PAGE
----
A direct comparison of HypoThermosol® (Biolife Solutions) and ROKEPIE (Sulfateq) was recently published in PlosONE. Freitas Robero from the group of Prof Rui Reis (CEO of the European Institute of Excellence on Tissue Engineering and Regenerative Medicine) used both agents for their intended application: The hypothermic preservation of cells for multiple days. The authors found that ROKEPIE best safeguarded the differentiation characteristics of the cells. If we include the prices of both agents, we think ROKEPIE is clearly favored at 40% of the price of HypoThermosol®.
The authors found that both agents were proficient in their intended goal of safeguarding cell viability but that only ROKEPIE was able to preserve the differentiation characteristics of human adipose tissue derived stem cells (hADSC). You can read the full article on the website of PlosONE by clicking here.
Advantages of ROKEPIE
An alternative to cryopreservation
The authors describe the need of an alternative to cryopreservation and propose pausing cells at hypothermic temperatures as a simplified alternative (Freitas-Ribeiro et al., 2019). Compared to cryopreservation, hypothermic preservation has no risk of ice nucleation and omits the need for toxic cryoprotectants. However, hypothermic preservation is known to have its own deleterious effects and may lead to cell injury and death when done for several days.
Under investigation are HypoThermosol (HTS) and ROKEPIE. HTS is a solution designed to balance the intracellular state at low temperatures and replaces the cell culture medium completely. The solution includes free radical scavengers, pH buffering agents, energy substrates and features osmotic support and a ionic composition that supports cells during hypothermia (Ostrowska, Gu, Bode, & Van Buskirk, 2009). ROKEPIE on the other hand is a supplement to cell culture medium. Its active ingredient is a single 6-chromanol derivative (SUL-109) that increases the activity of complex I and IV of the mitochondrial respiration chain (Hajmousa et al., 2017), thereby increasing ATP production and minimizing the production of reactive oxygen species .
The authors compare the 2 preservation strategies and test their capacity to support the preservation of monolayers of hADSCs at 4°C for up to 7 days. The readouts included morphology, viability, phenotype, protein expression and extracellular matrix (ECM) integrity. In addition, the differentiation potential of hADSC (their capability to differentiate into adipogenic or osteogenic cells) was evaluated.
With regards to the metabolic activity of the cells, confluent hADSC preserved in HTS for 3 days showed improved metabolism (~60% of 37°C control) compared to ROKEPIE or culture medium (~40%). After 7 days, confluent cells preserved in either HTS or ROKEPIE showed improved metabolism (~25%) compared to cells preserved in culture medium (~10%). When non-confluent cells were used, only ROKEPIE was shown to improve metabolic activity or the level of double-strand DNA as a marker for cell content after 7 days. The authors found that both HTS and ROKEPIE were able to safeguard the morphology and integrity of the ECM. When the cells were tested for their capability to differentiate into adipogenic cells, the authors concluded that only cells preserved with ROKEPIE were able to differentiate properly.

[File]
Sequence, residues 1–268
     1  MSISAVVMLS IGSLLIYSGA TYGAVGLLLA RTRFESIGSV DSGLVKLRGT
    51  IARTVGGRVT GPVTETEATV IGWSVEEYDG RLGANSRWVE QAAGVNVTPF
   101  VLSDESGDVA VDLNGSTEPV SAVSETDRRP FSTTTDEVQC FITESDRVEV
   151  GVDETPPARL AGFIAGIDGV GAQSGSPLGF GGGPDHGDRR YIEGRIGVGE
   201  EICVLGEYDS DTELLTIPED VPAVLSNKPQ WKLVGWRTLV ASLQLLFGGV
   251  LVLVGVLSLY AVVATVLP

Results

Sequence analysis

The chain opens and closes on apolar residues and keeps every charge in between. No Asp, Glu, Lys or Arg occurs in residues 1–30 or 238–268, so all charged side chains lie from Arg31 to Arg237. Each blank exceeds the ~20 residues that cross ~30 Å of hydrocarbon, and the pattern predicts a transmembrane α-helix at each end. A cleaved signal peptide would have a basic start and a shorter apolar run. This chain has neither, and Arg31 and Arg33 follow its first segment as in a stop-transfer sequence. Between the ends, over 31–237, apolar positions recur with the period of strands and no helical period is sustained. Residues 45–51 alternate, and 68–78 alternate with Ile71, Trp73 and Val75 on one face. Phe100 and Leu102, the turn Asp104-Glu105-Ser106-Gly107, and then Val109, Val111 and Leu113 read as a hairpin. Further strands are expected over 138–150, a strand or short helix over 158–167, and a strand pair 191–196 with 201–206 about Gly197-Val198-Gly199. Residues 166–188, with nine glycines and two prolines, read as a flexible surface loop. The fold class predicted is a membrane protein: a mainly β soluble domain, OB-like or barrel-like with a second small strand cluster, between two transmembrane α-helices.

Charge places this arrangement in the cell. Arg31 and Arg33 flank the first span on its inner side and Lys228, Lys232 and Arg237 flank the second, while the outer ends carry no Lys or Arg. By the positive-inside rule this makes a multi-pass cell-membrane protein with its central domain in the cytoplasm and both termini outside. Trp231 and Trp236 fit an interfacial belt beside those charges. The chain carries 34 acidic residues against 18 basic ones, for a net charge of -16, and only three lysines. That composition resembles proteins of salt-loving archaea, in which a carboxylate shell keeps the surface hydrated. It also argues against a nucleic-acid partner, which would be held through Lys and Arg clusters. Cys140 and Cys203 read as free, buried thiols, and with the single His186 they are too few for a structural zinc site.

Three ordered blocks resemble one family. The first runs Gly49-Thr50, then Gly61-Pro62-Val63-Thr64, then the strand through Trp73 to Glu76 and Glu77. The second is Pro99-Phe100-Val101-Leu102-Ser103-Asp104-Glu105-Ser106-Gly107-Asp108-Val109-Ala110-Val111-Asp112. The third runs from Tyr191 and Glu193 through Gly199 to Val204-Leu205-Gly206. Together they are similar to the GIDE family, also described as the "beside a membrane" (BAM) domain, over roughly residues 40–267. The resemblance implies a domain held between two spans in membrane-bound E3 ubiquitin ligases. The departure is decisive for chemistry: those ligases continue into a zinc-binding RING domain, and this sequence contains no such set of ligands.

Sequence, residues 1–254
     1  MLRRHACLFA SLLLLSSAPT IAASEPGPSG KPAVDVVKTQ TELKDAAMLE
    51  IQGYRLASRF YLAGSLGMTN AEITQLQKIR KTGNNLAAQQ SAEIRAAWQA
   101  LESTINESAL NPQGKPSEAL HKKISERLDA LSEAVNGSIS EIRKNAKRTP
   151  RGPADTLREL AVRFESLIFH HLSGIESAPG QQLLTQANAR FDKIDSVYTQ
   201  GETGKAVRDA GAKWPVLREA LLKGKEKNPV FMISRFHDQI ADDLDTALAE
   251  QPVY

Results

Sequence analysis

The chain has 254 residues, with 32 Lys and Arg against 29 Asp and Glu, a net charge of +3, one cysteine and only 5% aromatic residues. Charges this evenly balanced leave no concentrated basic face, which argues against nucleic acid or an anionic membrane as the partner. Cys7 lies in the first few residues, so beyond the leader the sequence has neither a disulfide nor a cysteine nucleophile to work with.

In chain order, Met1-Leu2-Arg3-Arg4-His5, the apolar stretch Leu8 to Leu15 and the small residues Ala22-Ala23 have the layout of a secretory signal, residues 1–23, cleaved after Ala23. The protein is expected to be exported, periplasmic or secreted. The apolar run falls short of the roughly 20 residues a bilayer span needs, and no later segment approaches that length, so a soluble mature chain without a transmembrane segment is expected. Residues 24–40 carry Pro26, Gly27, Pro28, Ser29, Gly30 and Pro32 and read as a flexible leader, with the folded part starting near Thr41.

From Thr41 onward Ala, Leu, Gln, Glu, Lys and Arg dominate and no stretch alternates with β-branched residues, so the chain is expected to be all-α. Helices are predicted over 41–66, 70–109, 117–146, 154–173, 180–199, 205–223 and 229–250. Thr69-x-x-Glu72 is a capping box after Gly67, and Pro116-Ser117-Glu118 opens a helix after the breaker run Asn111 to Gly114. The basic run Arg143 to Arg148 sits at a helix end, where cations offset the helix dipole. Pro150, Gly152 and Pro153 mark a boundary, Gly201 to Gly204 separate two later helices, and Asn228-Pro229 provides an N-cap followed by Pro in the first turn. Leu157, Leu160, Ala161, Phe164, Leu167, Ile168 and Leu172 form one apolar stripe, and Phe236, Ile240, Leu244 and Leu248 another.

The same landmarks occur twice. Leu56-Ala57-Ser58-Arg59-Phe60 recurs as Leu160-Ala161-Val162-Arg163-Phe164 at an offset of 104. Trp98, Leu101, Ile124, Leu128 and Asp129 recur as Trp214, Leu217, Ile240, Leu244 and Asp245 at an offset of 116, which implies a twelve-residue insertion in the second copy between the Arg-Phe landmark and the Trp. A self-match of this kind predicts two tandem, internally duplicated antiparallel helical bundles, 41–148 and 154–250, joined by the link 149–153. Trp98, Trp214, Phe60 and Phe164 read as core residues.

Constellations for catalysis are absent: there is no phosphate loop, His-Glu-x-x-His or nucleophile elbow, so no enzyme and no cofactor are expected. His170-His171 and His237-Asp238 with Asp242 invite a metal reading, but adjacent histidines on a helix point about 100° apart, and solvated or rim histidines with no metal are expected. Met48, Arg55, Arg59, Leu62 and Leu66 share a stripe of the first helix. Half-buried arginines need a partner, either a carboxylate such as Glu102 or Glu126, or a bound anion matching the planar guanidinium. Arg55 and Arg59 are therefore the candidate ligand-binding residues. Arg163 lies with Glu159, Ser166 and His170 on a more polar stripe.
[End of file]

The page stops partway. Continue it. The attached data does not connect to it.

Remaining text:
ROKEPIE should be tested for your cell lines of choice at 1:20 to 1:1000 dilutions. For hADSC, the optimal concentration was found to be 10 µM, corresponding to a 1:100 dilution of the product (Hajmousa et al., 2017) . At these concentrations, 200 mL of storage medium would cost €150. In comparison, 200 mL of HTS would cost at least €372,-, making the product almost 2.5x more expensive (this calculation uses the price of a 500 mL bottle of HTS as stated on the BioLife Solutions website accessed on October 28th 2019). An added benefit of ROKEPIE is that it does not need to be replaced immediately after preservation: The agent supports cell growth at 37°C and is non-toxic. This in contrast to HTS, which needs to be replaced shortly after preservation in a phase where cells are in a particularly vulnerable state, recovering from hypothermia and rewarming.
Freitas-Ribeiro, S., Carvalho, A. F., Costa, M., Cerqueira, M. T., Marques, A. P., Reis, R. L., & Pirraco, R. P. (2019). Strategies for the hypothermic preservation of cell sheets of human adipose stem cells. PLOS ONE, 14(10), 1–16. https://doi.org/10.1371/journal.pone.0222597
Hajmousa, G., Vogelaar, P., Brouwer, L. A., van der Graaf, A. C., Henning, R. H., & Krenning, G. (2017). The 6-chromanol derivate SUL-109 enables prolonged hypothermic storage of adipose tissue-derived stem cells. Biomaterials, 119, 43–52. https://doi.org/10.1016/j.biomaterials.2016.12.008
Ostrowska, A., Gu, K., Bode, D. C., & Van Buskirk, R. G. (2009). Hypothermic storage of isolated human hepatocytes: a comparison between University of Wisconsin solution and a hypothermosol platform. Arch Toxicol, 83(5), 493–502. https://doi.org/10.1007/s00204-009-0419-x